Have you ever heard the story of David and Goliath? The old tale tells of how the young David defeated the mighty giant Goliath with daring and clever methods instead of traditional ones. At ReVibe Energy, we’ve been inspired by the story.
Now, we’re not aiming to triumph over our competitors using the same means David used against Goliath, but rather to attract potential customers through innovative and agile methods. By using engineering simulation software from ANSYS we can distinguish ourselves from our competitors and offer current and prospective customers better products in a shorter amount of time.
One of the most important problems in the automotive industry is the general multiphysics simulation of coupled phenomena, where multiple — and sometimes conflicting — conditions need to be accounted for, all at the same time. One common application is the resistive heating of a car side mirror.
Designing the mechanism for keeping the mirror defrosted must also take into account the structural response of the mirror as the external environmental conditions, such as air pressure and cold temperature, cause physical stress and thermal deformation. The task is a base requirement of the automotive industry and requires a full multiphysics approach, which is still a challenge for common finite element method (FEM) simulation. In this post, we’ll show you how our engineers at SVS FEM used ANSYS AIM to model a side mirror and multiphysics analysis to solve some of its difficult design problems. Continue reading
A few years ago, I was fortunate to work on a team that designed a road bike power meter that made it into the bike kit for a professional cycling team. That’s a rewarding accomplishment for a “roadie” like me. Finite element analysis (FEA) was an integral part of the success of that product and insights from the analyses led to a decisive mechanical change during development. It’s safe to say I’m passionate about numerical simulation.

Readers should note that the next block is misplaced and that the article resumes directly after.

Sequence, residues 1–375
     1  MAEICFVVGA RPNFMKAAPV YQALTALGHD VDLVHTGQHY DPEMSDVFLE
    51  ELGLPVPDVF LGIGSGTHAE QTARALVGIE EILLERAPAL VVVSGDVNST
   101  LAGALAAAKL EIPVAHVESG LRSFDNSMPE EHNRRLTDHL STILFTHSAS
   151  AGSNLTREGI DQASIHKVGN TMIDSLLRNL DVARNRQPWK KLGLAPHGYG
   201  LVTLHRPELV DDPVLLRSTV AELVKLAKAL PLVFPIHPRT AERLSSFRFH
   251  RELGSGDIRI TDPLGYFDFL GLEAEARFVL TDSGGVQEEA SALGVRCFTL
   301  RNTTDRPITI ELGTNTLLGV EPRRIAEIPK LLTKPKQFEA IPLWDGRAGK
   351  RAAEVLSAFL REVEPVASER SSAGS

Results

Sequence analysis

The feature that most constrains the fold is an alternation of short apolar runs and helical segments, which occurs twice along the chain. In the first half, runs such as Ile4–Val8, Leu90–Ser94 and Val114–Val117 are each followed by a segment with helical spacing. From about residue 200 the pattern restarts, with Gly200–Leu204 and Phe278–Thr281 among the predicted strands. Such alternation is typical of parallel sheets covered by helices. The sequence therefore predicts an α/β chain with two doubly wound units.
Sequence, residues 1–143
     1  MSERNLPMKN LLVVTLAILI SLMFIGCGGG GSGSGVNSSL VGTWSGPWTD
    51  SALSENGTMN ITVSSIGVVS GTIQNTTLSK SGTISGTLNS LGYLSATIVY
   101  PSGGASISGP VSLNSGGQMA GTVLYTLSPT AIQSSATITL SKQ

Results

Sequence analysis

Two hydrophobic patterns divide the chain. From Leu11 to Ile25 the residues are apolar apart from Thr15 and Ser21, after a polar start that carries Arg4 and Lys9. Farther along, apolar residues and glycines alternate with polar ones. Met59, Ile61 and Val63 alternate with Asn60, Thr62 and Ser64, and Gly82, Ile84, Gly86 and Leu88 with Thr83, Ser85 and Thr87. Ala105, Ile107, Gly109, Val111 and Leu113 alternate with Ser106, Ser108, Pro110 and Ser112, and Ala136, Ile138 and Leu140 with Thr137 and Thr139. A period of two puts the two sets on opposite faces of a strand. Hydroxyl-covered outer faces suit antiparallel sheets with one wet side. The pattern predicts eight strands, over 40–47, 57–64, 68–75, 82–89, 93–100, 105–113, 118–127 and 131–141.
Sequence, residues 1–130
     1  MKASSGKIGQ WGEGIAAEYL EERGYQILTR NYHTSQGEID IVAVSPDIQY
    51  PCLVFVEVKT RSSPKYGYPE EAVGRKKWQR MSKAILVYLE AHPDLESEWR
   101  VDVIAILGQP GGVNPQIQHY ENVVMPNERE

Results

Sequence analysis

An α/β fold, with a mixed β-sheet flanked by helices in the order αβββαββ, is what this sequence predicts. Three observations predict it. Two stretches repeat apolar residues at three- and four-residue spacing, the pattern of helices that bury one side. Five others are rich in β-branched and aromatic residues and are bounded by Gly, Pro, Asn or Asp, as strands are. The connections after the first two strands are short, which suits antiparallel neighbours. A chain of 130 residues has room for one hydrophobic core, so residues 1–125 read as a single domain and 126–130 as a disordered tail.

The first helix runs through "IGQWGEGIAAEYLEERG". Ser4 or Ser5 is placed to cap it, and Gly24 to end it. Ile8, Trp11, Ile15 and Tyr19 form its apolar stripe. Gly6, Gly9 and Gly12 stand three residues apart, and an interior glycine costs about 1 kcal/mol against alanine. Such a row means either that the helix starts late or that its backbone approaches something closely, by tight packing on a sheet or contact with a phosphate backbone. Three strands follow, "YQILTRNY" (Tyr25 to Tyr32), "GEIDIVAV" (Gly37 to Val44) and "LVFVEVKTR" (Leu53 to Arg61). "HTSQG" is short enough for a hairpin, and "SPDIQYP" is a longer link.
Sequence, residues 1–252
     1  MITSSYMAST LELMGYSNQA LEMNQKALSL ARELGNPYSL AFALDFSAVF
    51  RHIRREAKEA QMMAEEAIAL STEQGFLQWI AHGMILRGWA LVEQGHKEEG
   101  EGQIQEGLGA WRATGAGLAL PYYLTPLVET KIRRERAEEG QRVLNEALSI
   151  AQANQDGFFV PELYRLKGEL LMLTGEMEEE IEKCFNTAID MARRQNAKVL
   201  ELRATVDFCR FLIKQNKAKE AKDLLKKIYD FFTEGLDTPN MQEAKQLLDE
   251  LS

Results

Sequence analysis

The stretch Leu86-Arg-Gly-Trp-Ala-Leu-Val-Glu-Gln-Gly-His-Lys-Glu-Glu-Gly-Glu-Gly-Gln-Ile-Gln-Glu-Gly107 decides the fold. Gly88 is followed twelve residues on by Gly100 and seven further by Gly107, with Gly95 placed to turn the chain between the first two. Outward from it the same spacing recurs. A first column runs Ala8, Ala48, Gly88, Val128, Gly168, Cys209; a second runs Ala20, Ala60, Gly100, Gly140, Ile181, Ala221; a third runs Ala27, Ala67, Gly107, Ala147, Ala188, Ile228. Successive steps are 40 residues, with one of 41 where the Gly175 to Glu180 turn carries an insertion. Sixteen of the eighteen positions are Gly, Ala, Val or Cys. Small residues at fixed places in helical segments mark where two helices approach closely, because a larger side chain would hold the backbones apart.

Now I’m taking on a new challenge and am employing FEA to develop hi-tech structural composites. Here, industry is moving toward the numerical simulation realm of virtual rapid prototyping, early in the design cycle, and away from the expensive and time consuming loop to physically build, test, iterate, repeat. Physical validation of simulation is still critical but the goal is to reserve it for mature designs that are already well understood through FEA.
As the winners of the Formula SAE competition Australia last year, MUR Motorsports is looking to repeat our success by designing a more aggressive aerodynamics package and optimizing the weight of the vehicle. These targets were deemed by our in-house lap simulator to be two of the driving factors for winning the F-SAE Australasian competition in December. To effectively manage our workload and streamline the design process, we used ANSYS simulation software in almost all of our subteam’s design processes. Continue reading
Elon Musk’s Hyperloop concept, a futuristic train in a pneumatic tube that propels passengers across the country at near super-sonic speeds, could — if successful — revolutionize mass transportation. The Hyperloop, theoretically, can achieve fantastic speeds of up to 760 miles an hour because the train — or pod — magnetically levitates over an I-rail track inside the continuous metal tube, eliminating friction, while the vacuum in the tube itself minimizes air resistance and drag.
As a competitor in the Spacex Hyperloop pod competition, Carnegie Mellon University’s Hyperloop team is building a version of the Hyperloop pod using simulation with the theory that electromagnetic braking is the most effective way to slow the Hyperloop pod. Continue reading